Korean J Med Educ.  2010 Sep;22(3):205-214.

The Effects of Perfectionism on Academic Achievement in Medical Students

  • 1Department of Psychiatry, Kangwon National University Hospital, Kangwon National University School of Medicine, Chuncheon, Korea. kuleemd@kangwon.ac.kr


The purpose of this study was to explore the differential effects of multi-dimensional perfectionism on academic achievement, depression, engagement, and burnout in medical students. Also, the mediating effects of engagement on perfectionism and academic achievement, as well as the effects of burnout on perfectionism and depression, were examined.
Two hundred eight medical students participated, and 167 students completed questionnaires, including the Frost Multi-dimensional Perfectionism Scale (FMPS), Hewitt & Flett Multi-dimensional Perfectionism Scale (HFMPS), Beck Depression Inventory (BDI), Schaufeli Engagement Scale (SES), and Malslach Burnout Inventory-General Survey (MBI-GS). Academic achievement was measured as the grade point average (GPA) of the previous semester. Data were analyzed by correlation analyses, independent t-tests, and Structural Equation Model (SEM) for path analysis.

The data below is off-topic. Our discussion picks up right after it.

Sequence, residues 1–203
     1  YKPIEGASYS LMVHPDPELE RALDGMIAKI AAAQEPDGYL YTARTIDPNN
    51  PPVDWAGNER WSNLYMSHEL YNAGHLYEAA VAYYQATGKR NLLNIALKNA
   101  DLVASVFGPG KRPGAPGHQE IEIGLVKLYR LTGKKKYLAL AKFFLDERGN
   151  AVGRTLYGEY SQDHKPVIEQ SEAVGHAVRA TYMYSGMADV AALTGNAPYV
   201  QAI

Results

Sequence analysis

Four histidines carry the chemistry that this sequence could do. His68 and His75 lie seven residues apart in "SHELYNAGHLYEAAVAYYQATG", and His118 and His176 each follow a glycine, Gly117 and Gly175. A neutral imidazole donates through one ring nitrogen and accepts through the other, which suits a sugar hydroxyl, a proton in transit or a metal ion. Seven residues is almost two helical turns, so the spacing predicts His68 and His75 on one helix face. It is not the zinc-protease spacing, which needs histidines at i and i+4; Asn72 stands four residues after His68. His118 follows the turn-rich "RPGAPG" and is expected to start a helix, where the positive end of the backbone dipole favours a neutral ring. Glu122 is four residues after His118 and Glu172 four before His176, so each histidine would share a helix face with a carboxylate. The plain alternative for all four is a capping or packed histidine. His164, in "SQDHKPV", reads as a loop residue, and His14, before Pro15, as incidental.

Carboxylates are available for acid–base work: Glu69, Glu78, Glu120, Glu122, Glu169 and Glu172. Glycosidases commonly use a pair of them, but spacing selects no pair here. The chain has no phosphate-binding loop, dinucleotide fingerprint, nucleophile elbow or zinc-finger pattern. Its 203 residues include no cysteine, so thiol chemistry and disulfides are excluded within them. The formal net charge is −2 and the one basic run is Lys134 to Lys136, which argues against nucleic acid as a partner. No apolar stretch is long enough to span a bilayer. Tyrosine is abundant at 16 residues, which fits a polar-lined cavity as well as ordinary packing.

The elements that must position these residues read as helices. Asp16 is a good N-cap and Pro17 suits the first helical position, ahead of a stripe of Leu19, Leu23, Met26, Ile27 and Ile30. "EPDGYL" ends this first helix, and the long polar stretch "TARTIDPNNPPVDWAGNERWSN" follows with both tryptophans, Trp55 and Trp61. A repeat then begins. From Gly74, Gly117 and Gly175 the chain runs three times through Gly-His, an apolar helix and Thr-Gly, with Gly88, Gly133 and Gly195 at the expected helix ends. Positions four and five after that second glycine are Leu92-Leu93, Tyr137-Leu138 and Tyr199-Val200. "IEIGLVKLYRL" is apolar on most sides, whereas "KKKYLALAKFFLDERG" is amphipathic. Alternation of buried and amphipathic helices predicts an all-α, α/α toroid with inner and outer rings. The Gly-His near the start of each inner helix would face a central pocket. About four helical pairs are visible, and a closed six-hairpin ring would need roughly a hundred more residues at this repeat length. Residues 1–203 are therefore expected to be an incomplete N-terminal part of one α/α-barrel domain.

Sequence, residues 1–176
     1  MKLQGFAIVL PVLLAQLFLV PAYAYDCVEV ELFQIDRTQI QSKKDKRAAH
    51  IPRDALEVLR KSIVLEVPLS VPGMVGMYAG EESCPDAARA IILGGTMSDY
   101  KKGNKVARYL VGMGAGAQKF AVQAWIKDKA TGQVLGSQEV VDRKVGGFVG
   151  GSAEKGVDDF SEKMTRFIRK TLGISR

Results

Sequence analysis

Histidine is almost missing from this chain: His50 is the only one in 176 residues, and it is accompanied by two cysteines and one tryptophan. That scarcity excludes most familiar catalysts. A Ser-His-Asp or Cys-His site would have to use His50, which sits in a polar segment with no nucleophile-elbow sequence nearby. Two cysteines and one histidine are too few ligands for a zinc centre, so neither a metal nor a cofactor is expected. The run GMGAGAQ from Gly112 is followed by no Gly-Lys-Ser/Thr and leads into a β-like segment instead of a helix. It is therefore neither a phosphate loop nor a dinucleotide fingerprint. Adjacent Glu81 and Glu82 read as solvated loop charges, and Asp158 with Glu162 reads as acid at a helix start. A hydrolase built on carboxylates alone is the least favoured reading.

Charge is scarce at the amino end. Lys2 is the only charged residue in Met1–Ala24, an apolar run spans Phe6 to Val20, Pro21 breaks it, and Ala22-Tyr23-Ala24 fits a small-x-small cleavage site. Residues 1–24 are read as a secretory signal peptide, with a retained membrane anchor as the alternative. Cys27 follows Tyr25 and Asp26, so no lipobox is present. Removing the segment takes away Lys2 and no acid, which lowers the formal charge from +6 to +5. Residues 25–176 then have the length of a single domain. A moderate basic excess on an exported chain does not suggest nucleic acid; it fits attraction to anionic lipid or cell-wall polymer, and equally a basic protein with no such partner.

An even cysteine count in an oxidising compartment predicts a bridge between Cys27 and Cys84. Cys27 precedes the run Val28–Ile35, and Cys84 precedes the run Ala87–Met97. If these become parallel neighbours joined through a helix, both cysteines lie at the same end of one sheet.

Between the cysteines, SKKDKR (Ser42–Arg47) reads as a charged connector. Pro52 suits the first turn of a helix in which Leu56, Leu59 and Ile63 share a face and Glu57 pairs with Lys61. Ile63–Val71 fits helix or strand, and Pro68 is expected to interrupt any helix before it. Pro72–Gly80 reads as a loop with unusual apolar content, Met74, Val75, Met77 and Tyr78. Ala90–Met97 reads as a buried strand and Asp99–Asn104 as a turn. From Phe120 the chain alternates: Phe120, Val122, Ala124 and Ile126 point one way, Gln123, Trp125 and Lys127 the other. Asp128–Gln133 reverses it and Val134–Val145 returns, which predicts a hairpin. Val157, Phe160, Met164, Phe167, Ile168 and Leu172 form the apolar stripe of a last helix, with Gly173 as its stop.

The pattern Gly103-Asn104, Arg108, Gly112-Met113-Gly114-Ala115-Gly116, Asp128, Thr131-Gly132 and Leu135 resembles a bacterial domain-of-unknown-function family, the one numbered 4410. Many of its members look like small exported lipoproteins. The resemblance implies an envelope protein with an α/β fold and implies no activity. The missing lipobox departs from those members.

Adaptive perfectionism (personal standard, self-oriented perfectionism) was associated with GPA (r=0.164, p<0.05; r=0.173, p<0.05) and engagement (r=0.394, p<0.01; r=0.449, p<0.01), and maladaptive perfectionism (parental criticism, concern over mistakes, socially prescribed perfectionism) was associated with depression (r=0.208, p<0.01; r=0.254, p<0.01; r=0.234, p<0.01) and burnout (r=0.218, p<0.01; r=0.236, p<0.01; r=0.280, p<0.01). Engagement had mediating effects on adaptive perfectionism and GPA, and burnout had mediating effects on maladaptive perfectionism and depression. Students who experienced academic failure had lower engagement than those who did not.
This study demonstrates that academic achievement and emotional difficulties such as depression are determined by adaptive and maladaptive perfectionism, respectively, in medical students.


Psychological adaptation; Achievement; Depression; Professional burnout; Medical students
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